Neither Fredericka Manor nor Sharp Chula Vista returned calls seeking comment.

A cluster of complaints in one home

The San Diego County nursing home with the most sexual abuse claims is Avocado Post Acute in El Cajon, the records show. There were nine sexual abuse complaints at Avocado during a six-month period in 2021. CDPH did not substantiate a single one of the allegations.

In an emailed statement to KPBS, a CDPH spokesperson said: “Please note a complaint alleging an incident of abuse does not always mean the allegation was substantiated.”

But Fikes questioned CDPH’s diligence in investigating Avocado.

“I find that it's very difficult to believe you could have that many sexual assault complaints and not be able to figure out what was going on in that facility,” Fikes said of the 2021 records.

CDPH has substantiated three of the four sexual assault complaints filed at Avocado between January and September 2022. But two of the three cases were substantiated without deficiencies.

Matthew Fluckiger is pictured smoking a cigarette in this undated photo.
Matthew Fluckiger's Facebook
Matthew Fluckiger is pictured smoking a cigarette in this undated photo.

Advocates point to the case of Matthew Fluckiger, which began at Avocado, as a glaring example of CDPH’s shortcomings when it comes to these investigations.

In 2019, a woman living at Avocado accused Fluckiger of sexually assaulting her during a diaper change, records show. But CDPH doesn’t categorize the incident on its complaint website as sexual abuse.

Six weeks later, Fluckiger sexually violated another woman at San Diego Post Acute in El Cajon, records show.

Even though investigators from CDPH’s certification branch substantiated the attack (and Fluckiger himself pleaded guilty to sexually assaulting the woman) the agency’s complaint website describes the attack as unsubstantiated.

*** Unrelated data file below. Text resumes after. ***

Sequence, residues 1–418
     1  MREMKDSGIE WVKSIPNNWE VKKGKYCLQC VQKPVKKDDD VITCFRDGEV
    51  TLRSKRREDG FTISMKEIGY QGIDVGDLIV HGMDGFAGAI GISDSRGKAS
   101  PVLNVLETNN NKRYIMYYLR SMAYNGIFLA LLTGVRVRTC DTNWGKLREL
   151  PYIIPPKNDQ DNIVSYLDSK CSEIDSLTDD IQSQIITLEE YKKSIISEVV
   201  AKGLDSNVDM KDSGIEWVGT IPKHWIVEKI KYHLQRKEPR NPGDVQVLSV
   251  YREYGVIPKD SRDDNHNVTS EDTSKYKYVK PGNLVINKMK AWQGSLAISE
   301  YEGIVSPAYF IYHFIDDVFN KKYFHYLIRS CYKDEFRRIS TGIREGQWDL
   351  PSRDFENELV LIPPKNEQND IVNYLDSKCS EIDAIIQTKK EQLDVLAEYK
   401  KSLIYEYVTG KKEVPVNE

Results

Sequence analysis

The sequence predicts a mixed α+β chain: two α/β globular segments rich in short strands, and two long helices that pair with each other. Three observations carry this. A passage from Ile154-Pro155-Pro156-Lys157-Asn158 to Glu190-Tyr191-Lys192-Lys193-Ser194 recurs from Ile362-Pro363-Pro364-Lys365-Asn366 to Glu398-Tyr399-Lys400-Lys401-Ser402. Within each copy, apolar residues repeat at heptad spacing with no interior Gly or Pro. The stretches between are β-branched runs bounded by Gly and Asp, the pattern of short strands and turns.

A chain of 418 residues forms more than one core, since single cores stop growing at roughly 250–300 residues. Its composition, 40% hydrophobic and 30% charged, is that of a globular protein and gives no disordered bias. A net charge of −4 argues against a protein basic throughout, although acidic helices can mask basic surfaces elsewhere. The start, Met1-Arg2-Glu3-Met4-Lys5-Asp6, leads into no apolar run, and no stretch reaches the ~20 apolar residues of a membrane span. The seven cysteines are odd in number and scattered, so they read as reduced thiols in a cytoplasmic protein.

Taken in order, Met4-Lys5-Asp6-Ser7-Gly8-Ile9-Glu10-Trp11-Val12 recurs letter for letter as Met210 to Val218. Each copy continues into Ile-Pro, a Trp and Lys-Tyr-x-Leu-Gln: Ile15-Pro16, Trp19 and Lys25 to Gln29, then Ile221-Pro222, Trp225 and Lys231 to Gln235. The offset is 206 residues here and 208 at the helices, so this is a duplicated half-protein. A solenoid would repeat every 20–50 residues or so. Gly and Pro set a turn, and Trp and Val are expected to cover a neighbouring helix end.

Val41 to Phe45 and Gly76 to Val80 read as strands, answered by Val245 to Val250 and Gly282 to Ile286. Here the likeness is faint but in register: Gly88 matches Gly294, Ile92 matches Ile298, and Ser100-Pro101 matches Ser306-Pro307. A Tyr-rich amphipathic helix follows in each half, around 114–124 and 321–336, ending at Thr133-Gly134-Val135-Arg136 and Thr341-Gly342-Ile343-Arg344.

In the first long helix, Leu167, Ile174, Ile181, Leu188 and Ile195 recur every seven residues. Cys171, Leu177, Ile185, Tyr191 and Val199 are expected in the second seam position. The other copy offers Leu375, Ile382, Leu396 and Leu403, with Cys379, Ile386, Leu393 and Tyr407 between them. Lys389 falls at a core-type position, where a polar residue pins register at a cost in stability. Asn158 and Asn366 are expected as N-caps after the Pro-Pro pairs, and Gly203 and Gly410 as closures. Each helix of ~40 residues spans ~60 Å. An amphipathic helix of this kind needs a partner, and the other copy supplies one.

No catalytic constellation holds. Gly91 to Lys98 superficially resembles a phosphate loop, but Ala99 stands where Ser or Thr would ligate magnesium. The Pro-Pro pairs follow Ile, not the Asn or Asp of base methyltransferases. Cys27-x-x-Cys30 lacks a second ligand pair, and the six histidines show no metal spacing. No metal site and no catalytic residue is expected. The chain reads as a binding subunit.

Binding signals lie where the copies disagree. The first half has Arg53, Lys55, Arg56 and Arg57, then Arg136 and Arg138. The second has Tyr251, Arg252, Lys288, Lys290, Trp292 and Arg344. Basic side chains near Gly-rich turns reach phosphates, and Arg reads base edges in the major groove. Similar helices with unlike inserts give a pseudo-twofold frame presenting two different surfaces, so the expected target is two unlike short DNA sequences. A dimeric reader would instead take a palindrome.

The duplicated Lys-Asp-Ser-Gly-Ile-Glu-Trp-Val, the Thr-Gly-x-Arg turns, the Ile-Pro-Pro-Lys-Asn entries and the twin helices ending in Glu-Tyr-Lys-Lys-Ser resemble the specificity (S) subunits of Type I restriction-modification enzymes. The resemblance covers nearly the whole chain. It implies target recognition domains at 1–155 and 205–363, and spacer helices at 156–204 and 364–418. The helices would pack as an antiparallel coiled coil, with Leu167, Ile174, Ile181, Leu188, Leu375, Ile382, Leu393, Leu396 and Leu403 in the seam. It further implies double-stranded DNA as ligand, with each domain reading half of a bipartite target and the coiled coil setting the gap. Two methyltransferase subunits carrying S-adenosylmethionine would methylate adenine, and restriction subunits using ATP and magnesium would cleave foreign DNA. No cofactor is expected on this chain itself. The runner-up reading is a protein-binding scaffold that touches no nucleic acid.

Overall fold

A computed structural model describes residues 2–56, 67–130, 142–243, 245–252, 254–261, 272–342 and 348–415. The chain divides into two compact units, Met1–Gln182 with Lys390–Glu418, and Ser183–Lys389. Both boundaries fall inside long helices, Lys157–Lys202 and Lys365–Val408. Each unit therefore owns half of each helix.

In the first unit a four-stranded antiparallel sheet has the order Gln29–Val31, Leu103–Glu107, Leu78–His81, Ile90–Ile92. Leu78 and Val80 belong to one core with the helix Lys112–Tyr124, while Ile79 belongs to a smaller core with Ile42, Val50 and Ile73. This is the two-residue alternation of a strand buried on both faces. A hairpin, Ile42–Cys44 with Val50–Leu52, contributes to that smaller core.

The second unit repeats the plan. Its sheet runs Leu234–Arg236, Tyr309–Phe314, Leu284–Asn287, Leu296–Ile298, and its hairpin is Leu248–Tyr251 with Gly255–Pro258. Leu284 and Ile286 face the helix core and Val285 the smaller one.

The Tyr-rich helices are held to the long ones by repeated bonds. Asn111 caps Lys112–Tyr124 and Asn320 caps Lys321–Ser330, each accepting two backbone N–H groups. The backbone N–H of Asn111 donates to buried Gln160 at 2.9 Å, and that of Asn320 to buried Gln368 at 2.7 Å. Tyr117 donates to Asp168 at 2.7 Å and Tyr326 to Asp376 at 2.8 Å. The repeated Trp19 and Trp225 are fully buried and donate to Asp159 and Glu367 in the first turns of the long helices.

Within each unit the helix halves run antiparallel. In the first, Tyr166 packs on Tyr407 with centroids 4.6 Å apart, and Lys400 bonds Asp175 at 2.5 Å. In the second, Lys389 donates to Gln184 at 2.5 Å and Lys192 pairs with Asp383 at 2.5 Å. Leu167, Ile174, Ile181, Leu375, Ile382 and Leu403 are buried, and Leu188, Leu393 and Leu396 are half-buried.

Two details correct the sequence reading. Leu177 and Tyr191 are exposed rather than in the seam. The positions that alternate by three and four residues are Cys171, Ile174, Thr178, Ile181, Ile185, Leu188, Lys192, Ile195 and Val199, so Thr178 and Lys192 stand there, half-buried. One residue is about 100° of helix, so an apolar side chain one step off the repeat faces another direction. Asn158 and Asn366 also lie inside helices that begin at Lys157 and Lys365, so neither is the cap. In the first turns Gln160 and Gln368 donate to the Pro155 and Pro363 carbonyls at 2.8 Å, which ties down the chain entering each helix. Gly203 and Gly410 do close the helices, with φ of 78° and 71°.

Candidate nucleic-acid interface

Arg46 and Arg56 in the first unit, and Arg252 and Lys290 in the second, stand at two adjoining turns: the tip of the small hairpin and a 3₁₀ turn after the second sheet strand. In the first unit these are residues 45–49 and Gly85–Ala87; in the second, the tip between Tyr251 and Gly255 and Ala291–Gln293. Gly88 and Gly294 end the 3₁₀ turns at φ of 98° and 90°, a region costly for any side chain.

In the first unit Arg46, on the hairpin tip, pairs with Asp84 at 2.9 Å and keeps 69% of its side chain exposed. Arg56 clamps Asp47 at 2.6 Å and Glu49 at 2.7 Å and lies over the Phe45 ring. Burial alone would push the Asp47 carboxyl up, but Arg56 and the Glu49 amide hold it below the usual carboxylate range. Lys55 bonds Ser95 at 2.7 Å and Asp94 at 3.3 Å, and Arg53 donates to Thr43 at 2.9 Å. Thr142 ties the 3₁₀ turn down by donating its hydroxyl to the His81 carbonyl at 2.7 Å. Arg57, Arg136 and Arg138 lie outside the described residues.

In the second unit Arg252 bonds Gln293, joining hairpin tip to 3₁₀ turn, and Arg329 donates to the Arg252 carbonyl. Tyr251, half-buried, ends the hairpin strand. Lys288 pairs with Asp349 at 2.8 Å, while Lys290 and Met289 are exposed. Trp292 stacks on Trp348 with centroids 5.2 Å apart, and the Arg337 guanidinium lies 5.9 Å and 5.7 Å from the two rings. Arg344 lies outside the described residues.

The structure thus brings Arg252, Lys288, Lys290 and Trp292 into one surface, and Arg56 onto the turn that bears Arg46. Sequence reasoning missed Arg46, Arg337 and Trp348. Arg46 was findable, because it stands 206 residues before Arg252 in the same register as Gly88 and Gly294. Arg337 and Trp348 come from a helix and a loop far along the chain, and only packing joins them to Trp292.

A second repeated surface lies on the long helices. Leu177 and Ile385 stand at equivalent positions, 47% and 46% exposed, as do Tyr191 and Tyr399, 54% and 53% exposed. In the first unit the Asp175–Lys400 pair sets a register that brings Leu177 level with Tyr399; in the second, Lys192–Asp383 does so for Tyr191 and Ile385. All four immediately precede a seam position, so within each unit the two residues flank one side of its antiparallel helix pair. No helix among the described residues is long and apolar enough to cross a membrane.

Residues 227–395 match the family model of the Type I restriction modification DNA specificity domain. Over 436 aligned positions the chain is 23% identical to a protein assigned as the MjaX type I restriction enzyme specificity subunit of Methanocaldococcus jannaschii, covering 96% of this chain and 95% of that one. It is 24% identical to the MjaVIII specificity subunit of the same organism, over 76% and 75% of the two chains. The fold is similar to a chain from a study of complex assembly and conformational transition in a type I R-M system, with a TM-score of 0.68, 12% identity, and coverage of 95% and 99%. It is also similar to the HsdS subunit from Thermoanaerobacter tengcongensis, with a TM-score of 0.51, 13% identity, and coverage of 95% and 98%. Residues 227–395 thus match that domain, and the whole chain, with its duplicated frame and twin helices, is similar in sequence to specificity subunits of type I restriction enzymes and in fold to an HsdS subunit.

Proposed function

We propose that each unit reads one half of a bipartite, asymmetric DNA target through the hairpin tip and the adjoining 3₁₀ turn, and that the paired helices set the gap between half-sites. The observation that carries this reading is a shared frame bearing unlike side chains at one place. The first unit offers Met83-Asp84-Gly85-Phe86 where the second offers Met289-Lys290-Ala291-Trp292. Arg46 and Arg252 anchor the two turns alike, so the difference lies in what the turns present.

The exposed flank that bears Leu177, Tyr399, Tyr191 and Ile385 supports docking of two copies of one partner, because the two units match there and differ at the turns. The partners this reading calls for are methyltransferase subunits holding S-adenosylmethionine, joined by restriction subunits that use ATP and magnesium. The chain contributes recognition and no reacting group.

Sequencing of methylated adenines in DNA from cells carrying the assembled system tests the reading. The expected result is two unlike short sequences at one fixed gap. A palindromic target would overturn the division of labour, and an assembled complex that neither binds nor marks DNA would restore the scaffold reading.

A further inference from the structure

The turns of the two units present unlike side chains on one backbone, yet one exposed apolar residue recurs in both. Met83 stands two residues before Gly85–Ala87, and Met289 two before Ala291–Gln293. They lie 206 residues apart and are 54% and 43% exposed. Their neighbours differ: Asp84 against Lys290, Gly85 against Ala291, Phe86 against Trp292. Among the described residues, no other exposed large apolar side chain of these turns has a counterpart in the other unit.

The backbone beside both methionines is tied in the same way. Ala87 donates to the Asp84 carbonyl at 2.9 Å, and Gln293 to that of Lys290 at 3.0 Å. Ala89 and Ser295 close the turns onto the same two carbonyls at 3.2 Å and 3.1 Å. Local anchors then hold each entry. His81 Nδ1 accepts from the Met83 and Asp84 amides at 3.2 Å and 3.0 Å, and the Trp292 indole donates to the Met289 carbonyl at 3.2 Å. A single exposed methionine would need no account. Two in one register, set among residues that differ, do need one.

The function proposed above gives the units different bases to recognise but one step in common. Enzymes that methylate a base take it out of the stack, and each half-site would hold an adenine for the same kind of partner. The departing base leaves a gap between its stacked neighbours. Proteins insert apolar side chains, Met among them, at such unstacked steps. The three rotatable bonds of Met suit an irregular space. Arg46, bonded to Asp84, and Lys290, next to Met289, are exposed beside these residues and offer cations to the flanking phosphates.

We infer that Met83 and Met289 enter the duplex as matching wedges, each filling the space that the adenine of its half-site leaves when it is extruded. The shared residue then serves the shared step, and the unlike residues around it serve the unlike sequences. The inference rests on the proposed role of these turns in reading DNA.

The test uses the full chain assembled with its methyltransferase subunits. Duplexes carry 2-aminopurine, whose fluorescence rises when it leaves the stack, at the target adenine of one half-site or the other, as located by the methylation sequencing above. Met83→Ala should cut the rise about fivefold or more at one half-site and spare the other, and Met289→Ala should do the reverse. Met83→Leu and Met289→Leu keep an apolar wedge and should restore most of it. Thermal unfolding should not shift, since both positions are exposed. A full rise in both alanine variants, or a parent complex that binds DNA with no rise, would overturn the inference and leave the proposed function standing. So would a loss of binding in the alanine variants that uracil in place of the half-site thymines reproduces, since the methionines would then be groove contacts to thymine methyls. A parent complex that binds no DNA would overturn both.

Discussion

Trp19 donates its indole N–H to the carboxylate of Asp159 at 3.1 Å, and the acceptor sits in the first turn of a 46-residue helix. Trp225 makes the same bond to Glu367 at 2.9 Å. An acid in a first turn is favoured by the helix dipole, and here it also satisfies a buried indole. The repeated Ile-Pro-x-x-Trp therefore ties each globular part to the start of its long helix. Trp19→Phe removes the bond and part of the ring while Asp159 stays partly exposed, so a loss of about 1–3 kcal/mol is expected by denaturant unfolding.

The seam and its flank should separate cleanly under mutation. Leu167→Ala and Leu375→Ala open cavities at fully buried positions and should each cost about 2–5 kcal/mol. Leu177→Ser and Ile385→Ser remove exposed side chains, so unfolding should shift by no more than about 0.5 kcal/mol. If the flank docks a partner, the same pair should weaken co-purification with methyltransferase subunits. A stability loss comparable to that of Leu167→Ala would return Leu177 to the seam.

It is also not listed as sexual in nature. And the CDPH erroneously lists Fluckiger as a resident instead of an employee.

CDPH also failed to classify Fluckiger’s two sexual assaults of a third woman at Parkway Hills nursing home in La Mesa in early 2020 as sexual in nature. A jury convicted Fluckiger in that case earlier this year.

Tony Chicotel, an attorney with the California Advocates for Nursing Home Reform (CANHR), called the errors alarming.

“It begs a lot of questions,” Chicotel said. “If a jury found that this incident happened in this facility and it's not reflected anywhere on the transparency website, then I think we need to go back to the drawing board on what transparency means.”

'Culture of disinterest’

Chicotel contends that at the heart of CDPH’s poor sexual assault complaint documentation is an agency culture of disinterest, even contempt.

He points to conversations he said he has had with regulators about serial sex offenders at longterm care facilities and how he believes the system isn’t set up to identify and stop them from working inside nursing homes.

And the response was hostile indifference,” Chicotel said. “I can recall lots of situations where I've called in complaints about real terrible offenses that allegedly occurred in nursing homes and being made to feel like I was the bad guy for bringing this to their attention.”